Fashion Icon Pierre Cardin Dies At Age 98

Pierre Cardin was the first person to have deigned clothes for men

Italian-born French designer Pierre Cardin has passed on in a medical clinic in Neuilly in the west of Paris. He passed on Tuesday at age 98, as indicated by his family. The French designer was a style icon with world of bespoke high style for private customers to ready to-wear designs for the general population.

He was in the style world for over seventy years, and carried mathematical shapes to high fashion and enlisted his name on everything from garments to fragrance to pens and even furnishings.

Pierre Cardin was born to a rich man who was a wine trader close to Venice on July 2, 1922. He and his family moved from Fascist Italy to France when he was only 2.

Cardin was just 14 years when he began as a tailor’s understudy. At 23, he moved to Paris, learning architecture and working with the Paquin style house and later with Elsa Schiaparelli. In the French capital, he met the movie director Jean Cocteau and aided in the designing of veils and outfits for the 1946 film “La Belle et La Bete.”

He moved to Christian Dior in 1946, filling in as an example shaper on the female “New Look” style of post-World War II. After four years, he opened his own style house, designing outfits for theater.

In 1953, Pierre Cardin introduced his first womens’ collection and after a year, he established his first women boutique, Eve, and launched the air pocket dress. The piece of clothing, a baggy dress that accumulates at the abdomen and trim and inflatables at the thighs, won worldwide praise. Cardin’s styles were mainstream and were being worn by several major names like Eva Peron, Rita Hayworth, Elizabeth Taylor, Brigitte Bardot, Jeanne Moreau, Mia Farrow and Jacqueline Kennedy.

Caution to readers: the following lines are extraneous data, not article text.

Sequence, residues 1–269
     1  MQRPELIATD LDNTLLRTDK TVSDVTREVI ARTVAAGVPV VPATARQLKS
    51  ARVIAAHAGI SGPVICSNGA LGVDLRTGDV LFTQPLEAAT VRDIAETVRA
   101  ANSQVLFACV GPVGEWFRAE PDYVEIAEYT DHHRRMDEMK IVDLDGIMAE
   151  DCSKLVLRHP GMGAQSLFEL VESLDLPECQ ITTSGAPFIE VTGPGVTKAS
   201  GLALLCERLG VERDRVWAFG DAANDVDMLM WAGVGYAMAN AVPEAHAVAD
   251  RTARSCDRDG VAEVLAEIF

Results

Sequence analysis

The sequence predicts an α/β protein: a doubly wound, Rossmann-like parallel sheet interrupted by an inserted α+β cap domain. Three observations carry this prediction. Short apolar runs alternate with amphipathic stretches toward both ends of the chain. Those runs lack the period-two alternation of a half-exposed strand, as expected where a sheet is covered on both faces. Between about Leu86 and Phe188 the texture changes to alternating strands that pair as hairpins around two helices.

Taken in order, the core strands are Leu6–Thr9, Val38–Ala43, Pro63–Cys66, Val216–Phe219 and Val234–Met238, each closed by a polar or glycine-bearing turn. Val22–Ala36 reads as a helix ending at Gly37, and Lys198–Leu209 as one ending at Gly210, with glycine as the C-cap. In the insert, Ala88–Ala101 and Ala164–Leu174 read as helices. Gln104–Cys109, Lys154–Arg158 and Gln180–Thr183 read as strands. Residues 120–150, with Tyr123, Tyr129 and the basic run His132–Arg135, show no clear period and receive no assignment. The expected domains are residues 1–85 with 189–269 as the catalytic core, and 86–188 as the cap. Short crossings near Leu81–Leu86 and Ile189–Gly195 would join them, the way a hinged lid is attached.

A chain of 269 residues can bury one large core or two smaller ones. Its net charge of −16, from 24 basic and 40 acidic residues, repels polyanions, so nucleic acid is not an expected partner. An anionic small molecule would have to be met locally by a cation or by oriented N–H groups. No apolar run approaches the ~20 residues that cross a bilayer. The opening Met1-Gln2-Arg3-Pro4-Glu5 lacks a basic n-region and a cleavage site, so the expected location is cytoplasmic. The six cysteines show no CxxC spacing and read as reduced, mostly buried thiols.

In 1957, he ventured out to Japan, getting one of the first European originators to explore Asian impacts. He later was a pioneer in getting China to break out of its boring, battle ready Mao Zedong look.

That very year, he opened another Paris boutique, exclusively for men called ‘Adam’, and included brilliant ties and printed shirts. He later made the famous collarless suits for The Beatles and aided dress such customers as Gregory Peck. Rex Harrison and Mick Jagger.

Pierre Cardin was the first designer to have made garments for men, which is around 50 years back. In 1959, he thought of a ready to-wear show at a retail establishment, Printemps in Paris. During the show, he was ousted from the world class Chambre Syndicale, the French relationship of high fashion creators.

By the 1970s, he became a pioneer in branding, putting his name on for all intents and purposes everything, including vehicles — American Motors Corp’s. Cardin AMX Javelin in 1971, fragrances, pens, cigarettes, and sardines. He was named a “branding visionary” by The New York Times in 2002 with around 800 items bearing his name. They were being sold in excess of 140 countries around the world, getting $1 billion every year.

In 1981, he received one of Paris’ most popular names, Maxim’s eatery, apparently for more than $20 million.

Cardin, who was gay, had a five-year illicit relationship with Moreau. During the affair, he maintained a relationship with his longtime artistic director and life partner, Andre Oliver, according to The Hollywood Reporter. Oliver died in 1993.

Prior to his demise, Pierre Cardin made a ‘remarkable statement’ in relation to a portion of his wears. He said:

“In 2069, we will all walk on the moon or Mars wearing my ‘Cosmocorps’ ensembles. Women will wear Plexiglas cloche hats and tube clothing. Men will wear elliptical pants and kinetic tunics.”

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